By Cory Sklar
By Alee Karim
By Christina Li
By Dave Pehling
By Ian S. Port
By SF Weekly
By Ian S. Port
By Ian S. Port
Pull up a chair, gentle reader, and tuck into another 1,100 words from someone who really doesn't know what she is talking about, but is making an effort to sound like she has some expertise. This week's column is about socialism. Here's what I do know about it: It's the opposite of free market capitalism, and it is apparently a bad word. I know this because the retort "That's nothing but socialism!" seems to be enough of a reply for people on the right when they decry social systems, without any explanation as to what that might mean. In my limited knowledge, it seems that both socialism and the free market economies are extreme ends of a spectrum; I suspect the truth lies somewhere in the middle.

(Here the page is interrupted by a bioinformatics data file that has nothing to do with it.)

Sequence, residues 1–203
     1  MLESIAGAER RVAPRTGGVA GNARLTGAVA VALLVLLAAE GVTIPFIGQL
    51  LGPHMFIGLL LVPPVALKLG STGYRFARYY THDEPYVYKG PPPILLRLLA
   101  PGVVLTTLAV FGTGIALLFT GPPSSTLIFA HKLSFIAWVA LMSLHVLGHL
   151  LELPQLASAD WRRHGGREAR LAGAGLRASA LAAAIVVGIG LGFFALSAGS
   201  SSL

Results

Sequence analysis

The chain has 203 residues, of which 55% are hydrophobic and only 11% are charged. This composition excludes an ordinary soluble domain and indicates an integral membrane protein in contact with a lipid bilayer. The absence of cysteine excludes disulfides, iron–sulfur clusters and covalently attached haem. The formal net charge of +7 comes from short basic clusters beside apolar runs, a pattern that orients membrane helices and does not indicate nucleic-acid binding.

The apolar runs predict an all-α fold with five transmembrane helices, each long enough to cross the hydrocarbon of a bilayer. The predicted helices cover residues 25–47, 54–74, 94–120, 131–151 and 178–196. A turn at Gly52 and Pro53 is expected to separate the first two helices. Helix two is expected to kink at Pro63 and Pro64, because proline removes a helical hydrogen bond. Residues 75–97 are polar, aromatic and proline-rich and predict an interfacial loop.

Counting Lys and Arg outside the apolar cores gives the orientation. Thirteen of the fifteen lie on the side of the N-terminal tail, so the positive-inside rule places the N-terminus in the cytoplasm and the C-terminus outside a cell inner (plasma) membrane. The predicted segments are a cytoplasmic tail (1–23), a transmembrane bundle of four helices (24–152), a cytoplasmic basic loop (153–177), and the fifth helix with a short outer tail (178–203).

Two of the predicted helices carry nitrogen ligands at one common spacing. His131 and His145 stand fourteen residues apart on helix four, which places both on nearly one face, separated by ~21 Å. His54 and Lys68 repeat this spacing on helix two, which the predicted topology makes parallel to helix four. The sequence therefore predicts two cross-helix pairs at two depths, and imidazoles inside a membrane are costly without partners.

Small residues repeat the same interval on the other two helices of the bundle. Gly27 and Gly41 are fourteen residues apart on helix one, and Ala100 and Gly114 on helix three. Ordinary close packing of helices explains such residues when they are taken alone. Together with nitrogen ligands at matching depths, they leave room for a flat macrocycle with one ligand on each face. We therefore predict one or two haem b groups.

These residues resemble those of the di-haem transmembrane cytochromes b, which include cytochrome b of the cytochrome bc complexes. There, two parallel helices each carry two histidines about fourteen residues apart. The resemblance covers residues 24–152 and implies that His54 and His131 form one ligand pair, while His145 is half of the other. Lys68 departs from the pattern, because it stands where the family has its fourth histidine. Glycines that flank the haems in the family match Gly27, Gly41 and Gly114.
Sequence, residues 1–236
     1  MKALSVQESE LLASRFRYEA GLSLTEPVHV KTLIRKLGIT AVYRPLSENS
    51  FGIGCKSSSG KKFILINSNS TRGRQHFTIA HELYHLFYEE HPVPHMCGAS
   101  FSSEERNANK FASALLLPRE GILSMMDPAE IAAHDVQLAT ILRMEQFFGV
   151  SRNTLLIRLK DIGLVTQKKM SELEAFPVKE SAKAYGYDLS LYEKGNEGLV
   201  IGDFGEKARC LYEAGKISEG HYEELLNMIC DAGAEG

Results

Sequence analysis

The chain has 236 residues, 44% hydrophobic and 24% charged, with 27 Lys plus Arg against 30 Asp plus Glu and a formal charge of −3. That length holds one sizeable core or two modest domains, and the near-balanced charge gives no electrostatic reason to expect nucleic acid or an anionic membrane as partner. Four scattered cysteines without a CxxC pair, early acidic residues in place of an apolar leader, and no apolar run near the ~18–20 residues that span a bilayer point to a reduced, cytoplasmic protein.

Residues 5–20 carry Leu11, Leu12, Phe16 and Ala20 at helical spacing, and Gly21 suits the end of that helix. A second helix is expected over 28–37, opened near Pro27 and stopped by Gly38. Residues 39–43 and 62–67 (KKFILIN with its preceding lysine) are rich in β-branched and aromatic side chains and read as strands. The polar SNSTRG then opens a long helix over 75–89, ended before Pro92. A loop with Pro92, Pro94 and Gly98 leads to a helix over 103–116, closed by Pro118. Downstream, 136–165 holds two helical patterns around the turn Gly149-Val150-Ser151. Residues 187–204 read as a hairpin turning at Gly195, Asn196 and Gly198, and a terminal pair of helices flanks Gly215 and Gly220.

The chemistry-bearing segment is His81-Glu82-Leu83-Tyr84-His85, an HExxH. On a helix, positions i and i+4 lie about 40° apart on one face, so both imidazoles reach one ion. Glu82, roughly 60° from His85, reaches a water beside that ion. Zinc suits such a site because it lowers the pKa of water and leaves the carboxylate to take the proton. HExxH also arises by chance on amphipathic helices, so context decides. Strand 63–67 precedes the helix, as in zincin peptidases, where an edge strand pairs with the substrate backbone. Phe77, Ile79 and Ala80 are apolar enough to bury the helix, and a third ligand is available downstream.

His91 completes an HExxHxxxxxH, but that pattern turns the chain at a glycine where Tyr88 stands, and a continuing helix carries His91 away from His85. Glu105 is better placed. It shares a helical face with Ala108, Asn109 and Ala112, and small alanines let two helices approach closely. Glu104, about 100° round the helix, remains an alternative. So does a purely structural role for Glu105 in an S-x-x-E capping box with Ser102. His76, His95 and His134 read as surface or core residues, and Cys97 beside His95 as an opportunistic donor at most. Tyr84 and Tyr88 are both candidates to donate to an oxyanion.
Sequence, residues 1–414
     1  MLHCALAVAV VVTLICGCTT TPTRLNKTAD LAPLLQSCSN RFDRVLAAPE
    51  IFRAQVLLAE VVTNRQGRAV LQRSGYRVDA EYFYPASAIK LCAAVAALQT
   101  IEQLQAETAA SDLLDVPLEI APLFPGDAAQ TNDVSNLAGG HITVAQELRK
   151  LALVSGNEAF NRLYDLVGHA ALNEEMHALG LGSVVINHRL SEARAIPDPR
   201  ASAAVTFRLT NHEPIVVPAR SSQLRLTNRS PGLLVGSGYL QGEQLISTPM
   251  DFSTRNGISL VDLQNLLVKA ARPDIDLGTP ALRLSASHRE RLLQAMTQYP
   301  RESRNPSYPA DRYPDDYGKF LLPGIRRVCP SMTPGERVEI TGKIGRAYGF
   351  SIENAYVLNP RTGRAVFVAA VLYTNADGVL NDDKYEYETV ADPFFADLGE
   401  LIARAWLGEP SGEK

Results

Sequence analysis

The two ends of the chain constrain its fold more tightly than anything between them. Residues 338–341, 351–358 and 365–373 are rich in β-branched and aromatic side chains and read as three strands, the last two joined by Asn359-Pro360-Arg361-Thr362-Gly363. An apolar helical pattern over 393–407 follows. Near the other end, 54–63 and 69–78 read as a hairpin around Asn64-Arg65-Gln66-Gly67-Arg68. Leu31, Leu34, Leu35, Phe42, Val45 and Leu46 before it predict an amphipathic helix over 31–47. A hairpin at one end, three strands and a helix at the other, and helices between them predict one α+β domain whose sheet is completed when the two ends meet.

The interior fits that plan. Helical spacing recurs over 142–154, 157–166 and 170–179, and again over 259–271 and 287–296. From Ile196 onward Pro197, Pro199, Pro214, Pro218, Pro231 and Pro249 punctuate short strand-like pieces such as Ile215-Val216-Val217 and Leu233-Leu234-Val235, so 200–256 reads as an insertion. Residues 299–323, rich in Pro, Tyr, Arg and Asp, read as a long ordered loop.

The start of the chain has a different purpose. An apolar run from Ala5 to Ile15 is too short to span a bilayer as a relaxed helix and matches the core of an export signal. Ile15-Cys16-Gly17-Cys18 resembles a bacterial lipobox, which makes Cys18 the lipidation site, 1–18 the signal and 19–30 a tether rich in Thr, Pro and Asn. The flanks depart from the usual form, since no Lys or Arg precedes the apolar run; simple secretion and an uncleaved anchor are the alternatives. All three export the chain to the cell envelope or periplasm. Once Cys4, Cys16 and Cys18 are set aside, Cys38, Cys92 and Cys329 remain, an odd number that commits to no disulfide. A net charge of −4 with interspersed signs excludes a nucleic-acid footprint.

So why am I thinking about this crap? Last week the government bailed out Fannie Mae and Freddie Mac, which needed to be done or we would be in even deeper doo-doo. I think. I was surprised to see that people on the right were hemming and hawing about the bailout. Why would Big Money people be angry that a Big Money agency was helped out? Doesn't Big Business make this country work, according to them? Big Business ain't no welfare queen; it works hard and occasionally needs a leg up, right? I had to get to the bottom of it, so I headed to America's second-largest stock market, the Financial District in San Francisco.